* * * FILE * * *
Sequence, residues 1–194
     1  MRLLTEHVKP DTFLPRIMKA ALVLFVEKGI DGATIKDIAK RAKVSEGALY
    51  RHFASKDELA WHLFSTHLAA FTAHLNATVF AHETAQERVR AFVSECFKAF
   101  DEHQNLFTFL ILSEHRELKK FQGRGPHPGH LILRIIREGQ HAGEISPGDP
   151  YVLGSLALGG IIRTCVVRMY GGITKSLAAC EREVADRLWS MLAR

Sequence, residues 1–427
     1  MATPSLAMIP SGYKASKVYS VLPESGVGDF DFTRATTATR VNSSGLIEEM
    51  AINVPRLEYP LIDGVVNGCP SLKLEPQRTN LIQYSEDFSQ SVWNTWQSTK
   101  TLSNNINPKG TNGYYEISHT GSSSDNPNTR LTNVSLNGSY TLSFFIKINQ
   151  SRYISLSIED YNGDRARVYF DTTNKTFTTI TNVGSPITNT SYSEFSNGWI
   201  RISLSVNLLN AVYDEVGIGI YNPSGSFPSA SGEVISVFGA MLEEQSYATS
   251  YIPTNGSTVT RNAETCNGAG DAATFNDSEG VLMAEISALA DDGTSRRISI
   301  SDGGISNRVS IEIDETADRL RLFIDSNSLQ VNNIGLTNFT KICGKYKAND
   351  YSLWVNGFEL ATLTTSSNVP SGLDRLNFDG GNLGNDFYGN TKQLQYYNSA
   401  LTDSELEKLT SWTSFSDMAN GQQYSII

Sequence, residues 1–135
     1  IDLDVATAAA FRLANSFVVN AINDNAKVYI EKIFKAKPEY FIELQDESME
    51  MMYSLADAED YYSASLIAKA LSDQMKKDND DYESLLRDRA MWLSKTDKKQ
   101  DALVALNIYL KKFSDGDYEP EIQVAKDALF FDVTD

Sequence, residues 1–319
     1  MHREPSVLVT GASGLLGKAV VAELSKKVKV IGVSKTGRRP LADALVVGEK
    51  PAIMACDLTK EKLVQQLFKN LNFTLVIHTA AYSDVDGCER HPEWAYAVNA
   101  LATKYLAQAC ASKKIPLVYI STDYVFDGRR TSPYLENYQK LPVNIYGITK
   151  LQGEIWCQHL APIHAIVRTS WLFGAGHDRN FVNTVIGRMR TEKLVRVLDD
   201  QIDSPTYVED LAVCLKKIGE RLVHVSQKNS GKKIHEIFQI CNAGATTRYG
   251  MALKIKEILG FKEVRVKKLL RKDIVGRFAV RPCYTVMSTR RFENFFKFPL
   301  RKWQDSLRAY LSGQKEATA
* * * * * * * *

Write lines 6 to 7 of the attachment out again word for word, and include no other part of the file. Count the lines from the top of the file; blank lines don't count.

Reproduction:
Sequence, residues 1–427
     1  MATPSLAMIP SGYKASKVYS VLPESGVGDF DFTRATTATR VNSSGLIEEM